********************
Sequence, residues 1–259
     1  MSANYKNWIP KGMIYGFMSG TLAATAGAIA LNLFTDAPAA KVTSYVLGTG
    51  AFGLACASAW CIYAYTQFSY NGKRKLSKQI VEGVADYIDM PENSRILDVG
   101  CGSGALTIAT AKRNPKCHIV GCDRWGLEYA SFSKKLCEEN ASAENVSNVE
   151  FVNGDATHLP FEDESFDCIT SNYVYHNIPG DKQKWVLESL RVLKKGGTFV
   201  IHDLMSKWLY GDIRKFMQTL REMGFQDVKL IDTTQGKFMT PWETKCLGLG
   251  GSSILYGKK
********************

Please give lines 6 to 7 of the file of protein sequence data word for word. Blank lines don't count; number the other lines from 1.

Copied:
   201  IHDLMSKWLY GDIRKFMQTL REMGFQDVKL IDTTQGKFMT PWETKCLGLG
   251  GSSILYGKK